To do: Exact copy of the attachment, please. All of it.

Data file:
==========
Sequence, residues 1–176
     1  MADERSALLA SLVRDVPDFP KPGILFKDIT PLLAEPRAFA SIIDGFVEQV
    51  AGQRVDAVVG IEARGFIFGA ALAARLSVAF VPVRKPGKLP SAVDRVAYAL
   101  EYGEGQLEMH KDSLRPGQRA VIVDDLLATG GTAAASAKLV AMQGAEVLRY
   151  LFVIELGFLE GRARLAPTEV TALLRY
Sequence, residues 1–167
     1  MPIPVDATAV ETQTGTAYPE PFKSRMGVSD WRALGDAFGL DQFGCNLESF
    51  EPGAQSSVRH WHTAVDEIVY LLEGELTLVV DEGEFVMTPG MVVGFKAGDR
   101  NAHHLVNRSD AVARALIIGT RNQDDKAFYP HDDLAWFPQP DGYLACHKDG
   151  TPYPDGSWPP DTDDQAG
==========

Sequence, residues 1–176
     1  MADERSALLA SLVRDVPDFP KPGILFKDIT PLLAEPRAFA SIIDGFVEQV
    51  AGQRVDAVVG IEARGFIFGA ALAARLSVAF VPVRKPGKLP SAVDRVAYAL
   101  EYGEGQLEMH KDSLRPGQRA VIVDDLLATG GTAAASAKLV AMQGAEVLRY
   151  LFVIELGFLE GRARLAPTEV TALLRY
Sequence, residues 1–167
     1  MPIPVDATAV ETQTGTAYPE PFKSRMGVSD WRALGDAFGL DQFGCNLESF
    51  EPGAQSSVRH WHTAVDEIVY LLEGELTLVV DEGEFVMTPG MVVGFKAGDR
   101  NAHHLVNRSD AVARALIIGT RNQDDKAFYP HDDLAWFPQP DGYLACHKDG
   151  TPYPDGSWPP DTDDQAG